Coordinates: 36°45′0″S 144°16′0″E / 36.75000°S 144.26667°E / -36.75000; 144.26667
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Bendigo city centre
Bendigo is located in Victoria
Coordinates36°45′0″S 144°16′0″E / 36.75000°S 144.26667°E / -36.75000; 144.26667
Population103,034 (2021)[1] (19th)
 • Density358.50/km2 (928.52/sq mi)
Elevation213 m (699 ft)
Area287.4 km2 (111.0 sq mi)[3] (2016 urban)
Time zoneAEST (UTC+10)
 • Summer (DST)AEST (UTC+11)
LGA(s)City of Greater Bendigo
RegionLoddon Mallee
State electorate(s)
Federal division(s)Bendigo
Mean max temp Mean min temp Annual rainfall
21.2 °C
70 °F
8.0 °C
46 °F
510.0 mm
20.1 in

Bendigo (/ˈbɛndɪɡ/ BEN-dig-oh) is a city in Victoria, Australia, located in the Bendigo Valley near the geographical centre of the state[4] and approximately 150 kilometres (93 mi) north-west of Melbourne, the state capital.

As of 2022, Bendigo has a population of 103,818 making it Australia's 19th-largest city by population.[5] Bendigo is the fourth-largest inland city in Australia and the fourth-most populous city in Victoria.

Bendigo is administered by the City of Greater Bendigo, formerly the City of Bendigo. The council area encompasses roughly 3,000 square kilometres,[6] the city is surrounded by smaller towns such as Castlemaine and Heathcote.

The traditional owners of the area are the Dja Dja Wurrung (Djaara) people.[7] The discovery of gold on Bendigo Creek in 1851 transformed the area from a sheep station into one of colonial Australia's largest boomtowns. News of the finds intensified the Victorian gold rush, bringing an influx of migrants from around the world, particularly Europe and China. Bendigo became eastern Australia's largest 19th-century gold-mining economy, and the wealth generated during this period is reflected today in the city's Victorian architectural heritage. From 1853 until 1891, Bendigo was officially named Sandhurst.

Bendigo's boom period lasted until the early 20th century and after a temporary decline in population and employment, renewed growth occurred from the 1930s as the city consolidated as a manufacturing and regional service centre. Although gold mining continues, recent population growth has been most heavily concentrated in suburban areas. With the completion of the Calder Freeway linking Melbourne and Bendigo in 2009, and the region's proximity to Melbourne, Bendigo has become one of the fastest-growing regional centres in Victoria.[8]


Indigenous history and European settlement[edit]

Bendigo Creek, named after a local shepherd and amateur boxer who, in turn, earned the sobriquet because his fighting style resembled that of English bare-knuckle champion William Abednego "Bendigo" Thompson.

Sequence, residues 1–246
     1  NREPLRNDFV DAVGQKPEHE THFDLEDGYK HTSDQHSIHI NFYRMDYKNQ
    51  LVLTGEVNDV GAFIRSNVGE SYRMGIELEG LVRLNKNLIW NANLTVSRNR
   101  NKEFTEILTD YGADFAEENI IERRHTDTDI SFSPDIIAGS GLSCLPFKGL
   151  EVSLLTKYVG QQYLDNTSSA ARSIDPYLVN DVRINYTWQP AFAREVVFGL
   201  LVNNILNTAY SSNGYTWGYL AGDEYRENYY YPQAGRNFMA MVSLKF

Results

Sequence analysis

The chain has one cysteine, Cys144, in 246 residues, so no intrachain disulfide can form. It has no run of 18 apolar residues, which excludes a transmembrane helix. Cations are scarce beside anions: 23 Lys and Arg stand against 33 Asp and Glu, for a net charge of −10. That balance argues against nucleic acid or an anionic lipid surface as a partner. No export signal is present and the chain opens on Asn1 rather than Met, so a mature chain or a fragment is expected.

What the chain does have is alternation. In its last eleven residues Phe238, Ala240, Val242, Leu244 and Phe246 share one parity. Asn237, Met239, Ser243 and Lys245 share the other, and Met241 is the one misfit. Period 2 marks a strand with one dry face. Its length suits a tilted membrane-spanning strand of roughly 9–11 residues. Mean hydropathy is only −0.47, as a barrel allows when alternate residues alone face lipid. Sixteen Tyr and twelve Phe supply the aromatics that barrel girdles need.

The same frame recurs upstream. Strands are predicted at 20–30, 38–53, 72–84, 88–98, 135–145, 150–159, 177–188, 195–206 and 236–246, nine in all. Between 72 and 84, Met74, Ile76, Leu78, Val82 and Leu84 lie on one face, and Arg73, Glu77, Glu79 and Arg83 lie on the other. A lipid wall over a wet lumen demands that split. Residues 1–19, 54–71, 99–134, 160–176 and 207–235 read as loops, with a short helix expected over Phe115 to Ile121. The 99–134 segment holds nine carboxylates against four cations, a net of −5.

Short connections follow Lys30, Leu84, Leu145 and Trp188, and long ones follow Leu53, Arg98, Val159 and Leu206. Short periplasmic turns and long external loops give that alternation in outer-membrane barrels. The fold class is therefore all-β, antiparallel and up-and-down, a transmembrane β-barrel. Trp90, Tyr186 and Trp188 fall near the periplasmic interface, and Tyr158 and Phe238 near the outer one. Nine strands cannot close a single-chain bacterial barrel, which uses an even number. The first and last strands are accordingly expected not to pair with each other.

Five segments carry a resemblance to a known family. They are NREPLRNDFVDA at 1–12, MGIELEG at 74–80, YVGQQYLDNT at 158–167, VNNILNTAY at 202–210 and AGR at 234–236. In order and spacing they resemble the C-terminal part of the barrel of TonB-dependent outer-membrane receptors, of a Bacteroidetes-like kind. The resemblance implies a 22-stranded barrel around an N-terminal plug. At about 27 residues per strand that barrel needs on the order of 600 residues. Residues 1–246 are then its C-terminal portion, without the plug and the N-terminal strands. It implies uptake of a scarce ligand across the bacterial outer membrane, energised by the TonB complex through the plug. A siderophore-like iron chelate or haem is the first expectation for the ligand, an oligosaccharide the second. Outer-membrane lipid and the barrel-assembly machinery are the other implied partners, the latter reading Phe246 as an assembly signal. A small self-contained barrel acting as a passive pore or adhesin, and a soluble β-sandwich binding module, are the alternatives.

The Traditional Owners of the Mount Alexander area that includes Greater Bendigo are the Dja Dja Wurrung (Djaara) people. They exploited the rich local hunting grounds from which they were displaced by the arrival by white settlers, who established the first of many vast sheep runs in 1837. The Djadjawurrung peoples experienced two waves of settlement and dispossession: from the south from 1837 and from the north from 1845.[9] The marked decrease in Dja Dja Wurrung population was also due to the arrival of non-indigenous animals; they use their noses to ‘root up’ the nutritious moon-nar tuber (yam daisy); after just a year it was noticed the plant was becoming scarce.[10]

Squatters in the area included: Donald Campbell at Bullock Creek in Ravenswood; J & R Bakewell to the north of Bendigo; Heap & Gryce to the north-west; Archibald McDougall to the west; Joseph Raleigh and James Robinson along the Campaspe River to the south; and Thomas, Jones, and William Barnett to the east.[11][12] The Ravenswood "Mount Alexander North run", occupied from c.1840 by Donald Campbell, was acquired by brothers Stewart and Robert Gibson in 1848, with Frederick Fenton later replacing one of the Gibson brothers. After the discovery of gold in 1851, Fenton sold provisions to the miners and agisted their horses. Becoming the sole owner of the Ravenswood run in 1857, Fenton built its substantial homestead.[13]

Gold was officially discovered on Bendigo Creek at the north-eastern boundary of the Ravenswood run,[14] earlier known as the Mount Alexander North run, in October 1851. The creek had been named "Bendigo Creek" after a local shepherd and employee of the Mount Alexander North run nicknamed for the English bare-knuckle prizefighter William Abednego "Bendigo" Thompson. The area was transformed in less than a year as tens of thousands of people arrived during the great gold rush in 1852.

Widespread gold mining caused environmental devastation and permanent damage in the district, decimating and displacing the Dja Dja Wurrung[15] and destroying the infrastructure they created over generations to maximise seasonal drainage patterns; the channels and weirs they built out of timber stakes, to slow receding summer flows, were wrecked; water holes where the people gathered in smaller groups during periods of scarce rainfall and from which they transported water in skin bags when moving, were muddied, polluted and drained; the soaks they had dug between banks into sandy sediment to tap into the water table were likewise obliterated. Some of their waterholes in rock platforms of creeks that they found or enlarged, then covered with slabs to protect them from animals, may still remain, unidentified.[16][15][17]

Gold mining boom[edit]

Bendigo, 1853

Gold was officially discovered in the area in October 1851,[14] just after the other significant goldfields in neighbouring Castlemaine, from where many diggers migrated, bringing the total population to 40,000 in less than a year. Many of these diggers were Chinese and their descendants still live in the region.

Deep Gully Mine, 1857